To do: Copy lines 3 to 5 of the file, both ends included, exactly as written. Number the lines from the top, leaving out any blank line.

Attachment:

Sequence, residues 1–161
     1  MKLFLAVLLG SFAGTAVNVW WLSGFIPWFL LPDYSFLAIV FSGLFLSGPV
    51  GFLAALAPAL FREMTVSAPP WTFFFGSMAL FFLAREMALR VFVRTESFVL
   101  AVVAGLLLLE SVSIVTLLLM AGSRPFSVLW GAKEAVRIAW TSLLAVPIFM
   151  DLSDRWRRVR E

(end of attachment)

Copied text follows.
    51  GFLAALAPAL FREMTVSAPP WTFFFGSMAL FFLAREMALR VFVRTESFVL
   101  AVVAGLLLLE SVSIVTLLLM AGSRPFSVLW GAKEAVRIAW TSLLAVPIFM
   151  DLSDRWRRVR E